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The Cylinder Radio Telescope: Observing the CMB Paul A. Fleiner Ph 70 Popular Presentation May 10, 2011.

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Presentation on theme: "The Cylinder Radio Telescope: Observing the CMB Paul A. Fleiner Ph 70 Popular Presentation May 10, 2011."— Presentation transcript:

1 The Cylinder Radio Telescope: Observing the CMB Paul A. Fleiner Ph 70 Popular Presentation May 10, 2011

2 Outline Radio Astronomy 21cm Baryon Acoustic Oscillations (BAOs) Cylinder Telescope – Prototype – Possible Sites – Challenges Looking Ahead

3 Radio Astronomy: The Beginning Early Attempts – Nikola Tesla, Oliver Lodge – Attempted to observe radio emissions from the sun – Unsuccessful Technical Limits

4 Radio Astronomy First RA observations – Karl Jansky, 1930s – Bell Labs

5 Jansky’s Discovery Investigating source of interference in short-wave trans- Atlantic transmissions Initially thought source was solar – Happened every 23 hours, 56 minutes Actually Milky Way

6 Modern Radio Telescopes Very Large Array (VLA) – New Mexico, 1980 – $78.5m, ~$10,000/m 2 Square Kilometer Array (SKA) – Australia, 2024 – >$2b, $1,000/m 2 (Target)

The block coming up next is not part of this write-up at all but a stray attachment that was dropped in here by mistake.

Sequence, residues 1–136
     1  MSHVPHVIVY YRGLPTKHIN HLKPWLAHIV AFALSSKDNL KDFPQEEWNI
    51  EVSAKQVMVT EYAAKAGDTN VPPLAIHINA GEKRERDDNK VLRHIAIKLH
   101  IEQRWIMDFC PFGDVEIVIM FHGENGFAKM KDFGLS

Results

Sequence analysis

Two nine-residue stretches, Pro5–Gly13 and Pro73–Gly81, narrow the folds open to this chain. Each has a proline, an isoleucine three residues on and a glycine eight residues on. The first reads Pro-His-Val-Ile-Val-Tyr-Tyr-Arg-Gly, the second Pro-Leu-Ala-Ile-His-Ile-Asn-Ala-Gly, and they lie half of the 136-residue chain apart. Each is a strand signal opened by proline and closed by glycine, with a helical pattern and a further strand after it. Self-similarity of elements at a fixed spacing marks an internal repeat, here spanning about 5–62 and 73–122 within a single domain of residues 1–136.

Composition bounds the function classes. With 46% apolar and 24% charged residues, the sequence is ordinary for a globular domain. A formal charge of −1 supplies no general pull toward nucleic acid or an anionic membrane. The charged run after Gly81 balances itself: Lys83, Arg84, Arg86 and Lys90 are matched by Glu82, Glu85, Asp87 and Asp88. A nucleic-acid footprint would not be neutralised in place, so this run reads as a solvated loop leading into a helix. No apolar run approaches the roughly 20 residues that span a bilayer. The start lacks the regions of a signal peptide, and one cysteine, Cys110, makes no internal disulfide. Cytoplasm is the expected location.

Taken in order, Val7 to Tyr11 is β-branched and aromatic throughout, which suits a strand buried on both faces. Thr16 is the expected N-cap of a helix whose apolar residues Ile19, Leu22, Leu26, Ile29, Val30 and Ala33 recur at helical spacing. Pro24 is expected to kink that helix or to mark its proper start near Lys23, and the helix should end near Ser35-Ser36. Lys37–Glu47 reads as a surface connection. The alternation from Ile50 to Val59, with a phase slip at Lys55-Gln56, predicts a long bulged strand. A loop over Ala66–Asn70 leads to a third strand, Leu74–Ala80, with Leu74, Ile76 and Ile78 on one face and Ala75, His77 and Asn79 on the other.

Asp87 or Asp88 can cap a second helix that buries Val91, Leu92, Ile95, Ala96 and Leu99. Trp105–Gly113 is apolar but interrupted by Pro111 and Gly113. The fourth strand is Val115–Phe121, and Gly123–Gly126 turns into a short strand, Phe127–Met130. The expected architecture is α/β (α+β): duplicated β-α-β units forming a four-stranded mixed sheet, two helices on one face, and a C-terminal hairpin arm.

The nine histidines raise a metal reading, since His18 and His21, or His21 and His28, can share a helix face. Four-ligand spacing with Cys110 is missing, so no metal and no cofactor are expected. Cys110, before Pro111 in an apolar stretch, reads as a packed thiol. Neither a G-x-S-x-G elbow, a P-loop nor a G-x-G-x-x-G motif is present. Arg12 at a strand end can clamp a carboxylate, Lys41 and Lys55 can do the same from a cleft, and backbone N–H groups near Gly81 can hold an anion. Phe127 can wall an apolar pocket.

7 How do they work?

8 What We “See” Hydrogen atom moving away from us is redshifted: – f=700MHz – λ=42cm Hydrogen atom at rest: – F=1420MHz – λ=21cm

9 Baryon Acoustic Oscillation (BAO) Method of tracking expansion of universe About 400,000 years after Big Bang – Universe expanded, temperature cooled – Electrons and protons combine to form H Photons no longer Thompson scattered Observing these photons gives us a “ruler” for measuring expansion

10 BAO Can use the ruler to plot the redshift – Can create a 3D mapping of the universe through time – Measure the expansion – Will help us quantify “dark energy”

11 Cylinder Radio Telescope Popular from Abandoned in favor of devices with cryogenically cooled pre-amps Illinois 400 ft Telescope, circa 1960

12 CRT Enabling Technology Low Noise Amplifiers (LNAs) are much cheaper T<<300K Increased capabilities of Analog to Digital Converters (ADCs) Better Digital Signal Processing GPUs, FPGAs More sophisticated FFTs (N log N) High speed, low power, low cost Reduces the cost to ~$100/m 2

13 CRT Design Parabolic half-cylinders Focuses radio waves radially inward – Strikes axial array of antennas Key Requirements – High Resolution Overall array size, time observed – Large Sky Coverage Number of channels – Large Redshift Range Bandwidth

14 CMU Prototype Built by Prof. Peterson’s group in Pittsburgh

15 Goal Design Array of 10 cylinders – 10m wide, 100m long Coverage – 20,000 sq. degrees Frequency Range – MHz Bandwidth – >200MHz

16 Challenges Synchrotron frequency, free-free emission – Total 21cm signal is ~300µK – 21cm BAO signal is only ~300nK Instrument Calibration Environment Calibration – RF Interference Far from power lines, most electronics

17 Possible Sites Several in Morocco

18 Moving Forward Model removal of foreground noise Build 2 to 3 cylinders – 10m wide, 50m long Set up larger prototypes in less noisy place Actually remove noise

19 Acknowledgements Professor Jeff Peterson, CMU Kevin Bandura, PhD Candidate Bruce Taylor, Communication and Facilities Consultant


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